It'd be pretty hard for anybody to blame John Urschel. Or Rob Ninkovich. Or even Ben Roethlisberger.

Over the past week, Urschel and Ninkovich retired, while Roethlisberger publicly discussed walking away from the NFL after this season and referenced a recent CTE study.

Truth is, in light of that CTE study released indicating that the brain disease was found in 110 of the 111 brains of former NFL players that were examined, it's hard to blame any professional football player who ponders whether or not to continue playing the game. How could you not at least think about it?

That's not to say that the study released by Dr. Ann McKee, the director of Boston University's Chronic Traumatic Encephalopathy Center, is verifiable proof that over 99 percent of NFL players will eventually get CTE. Even McKee herself admits that she has not examined a "random" sample of former player brains. Rather, all the brains she has received have been donated by the families of deceased former players who had exhibited some troubling symptoms.

As a result, there are still so many questions that need to be asked and things we don't know. What about the players who didn't exhibit any brain maladies later in life?

There are many more questions that need to be answered, and, fortunately, a lot of neurologists are hard at work trying to get those answers.

Even so, that's not the point. The fact is that it would be hard for anyone to argue that there isn't some link between the repetitive hits to the head that football players absorb and CTE. That alone should be enough to give any NFL player pause.

I know it would for me.

It's something I think about often for multiple reasons. For one, I played football for 18 years, seven of which were in the NFL. That's a long time and a lot of hits to the head.

Am I destined to get CTE? If so, when? What symptoms might I exhibit and what will be the impact of those on my family?

It's not something I dwell on, but I do forward any stories I read, like the one on former Dolphins great Nick Buoniconti or the latest CTE study, to my wife because I want her to be prepared for the possibility. Or perhaps I should say eventuality?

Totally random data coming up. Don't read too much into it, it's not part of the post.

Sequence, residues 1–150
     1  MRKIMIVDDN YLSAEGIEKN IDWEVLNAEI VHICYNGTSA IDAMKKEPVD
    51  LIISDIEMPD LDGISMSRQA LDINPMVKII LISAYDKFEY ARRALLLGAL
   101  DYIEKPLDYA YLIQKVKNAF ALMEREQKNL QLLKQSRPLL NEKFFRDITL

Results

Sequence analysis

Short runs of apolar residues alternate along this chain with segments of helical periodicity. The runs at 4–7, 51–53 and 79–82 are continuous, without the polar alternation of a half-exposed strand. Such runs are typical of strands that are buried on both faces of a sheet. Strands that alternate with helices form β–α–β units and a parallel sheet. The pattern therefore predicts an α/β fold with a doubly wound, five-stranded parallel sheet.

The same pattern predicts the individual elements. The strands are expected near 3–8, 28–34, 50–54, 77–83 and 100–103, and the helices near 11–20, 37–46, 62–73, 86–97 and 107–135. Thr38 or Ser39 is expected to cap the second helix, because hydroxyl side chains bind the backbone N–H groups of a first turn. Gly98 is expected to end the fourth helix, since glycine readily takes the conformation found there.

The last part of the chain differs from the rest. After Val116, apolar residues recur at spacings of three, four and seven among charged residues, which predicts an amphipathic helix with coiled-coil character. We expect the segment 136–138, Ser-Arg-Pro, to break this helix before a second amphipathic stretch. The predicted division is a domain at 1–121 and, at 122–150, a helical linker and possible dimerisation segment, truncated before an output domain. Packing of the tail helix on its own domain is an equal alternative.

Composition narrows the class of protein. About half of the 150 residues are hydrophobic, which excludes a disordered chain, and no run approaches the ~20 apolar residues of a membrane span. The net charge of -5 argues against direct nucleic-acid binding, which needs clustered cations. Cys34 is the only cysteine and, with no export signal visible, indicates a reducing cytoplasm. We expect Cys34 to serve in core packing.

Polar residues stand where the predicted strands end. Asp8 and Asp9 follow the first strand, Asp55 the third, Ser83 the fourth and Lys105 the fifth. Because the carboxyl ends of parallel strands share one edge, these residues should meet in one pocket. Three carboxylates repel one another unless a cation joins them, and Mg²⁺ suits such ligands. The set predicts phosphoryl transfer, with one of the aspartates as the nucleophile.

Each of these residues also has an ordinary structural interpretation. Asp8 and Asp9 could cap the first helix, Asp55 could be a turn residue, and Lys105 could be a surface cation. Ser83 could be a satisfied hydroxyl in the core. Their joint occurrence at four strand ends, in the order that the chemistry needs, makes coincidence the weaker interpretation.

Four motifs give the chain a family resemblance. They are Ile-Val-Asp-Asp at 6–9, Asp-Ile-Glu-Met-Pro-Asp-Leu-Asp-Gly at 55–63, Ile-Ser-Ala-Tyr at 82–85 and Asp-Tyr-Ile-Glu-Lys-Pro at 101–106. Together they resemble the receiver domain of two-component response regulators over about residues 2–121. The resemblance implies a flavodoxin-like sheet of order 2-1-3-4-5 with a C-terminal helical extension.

Then I think about what I would do today if I were still playing. Frankly, knowing what I know now, it's hard to imagine walking out to that field during training camp and putting my helmet on so that I could knock heads with other huge athletes for 2 1/2 hours each day.

That's not to say I definitely would retire. I just wonder how difficult it would be to go out there knowing with every helmet-to-helmet collision. I could be taking a step toward greatly impacting my mental faculties later in life. Even if I did play, would I be able to do it with the same ferocity and reckless abandon for my body, including my head, that I typically did?

Sometimes I wish that we had known what we know now when I was playing so that I could have made a conscious decision whether to continue my career while having my eyes wide open regarding the possible cognitive implications down the line.

Often, I'm very glad I didn't.

Not that ignorance is bliss, but I can only imagine the mental anguish that would've come along with having to decide whether to keep my dream of being a pro football player alive. Maybe I would've played one year just to have my dream come true and prove to myself that I could do it before moving on to my next vocation? I really don't know.

The thing is, your dreams and your perspective on those dreams change over time. I don't think it's a coincidence that Ninkovich has two daughters or that Urschel has a child on the way. Roethlisberger mentioned his family a number of times in his interviews recently when discussing potential retirement.

A lot of times when a player is contemplating retirement, there's a lot of chatter regarding their "love of the game." Well, I don't know many, if any, guys that I felt loved the sport of football more than I have since I attended my first game at age 5, but now that I am almost 10 years removed from my playing career with a family of my own, I realize it pales in comparison to the love I have for my wife and daughters.

That being the case, you must ask yourself if it's really worth it. Is playing another year, or however many years, worth potential negative impacts on your relationships with your family and perhaps even unborn grandchildren someday?

If I had already achieved lifetime financial security like a lot of star veteran players in the NFL, it's awfully hard to imagine continuing to bang with the big boys at that point. For what, exactly? More money? A chance to win a championship?

I'm confident that the 110 players who were diagnosed with CTE and their families would gladly give back championship rings and some of the money they earned if doing so could eliminate the symptoms that kidnapped the last years of their life.

I know I would.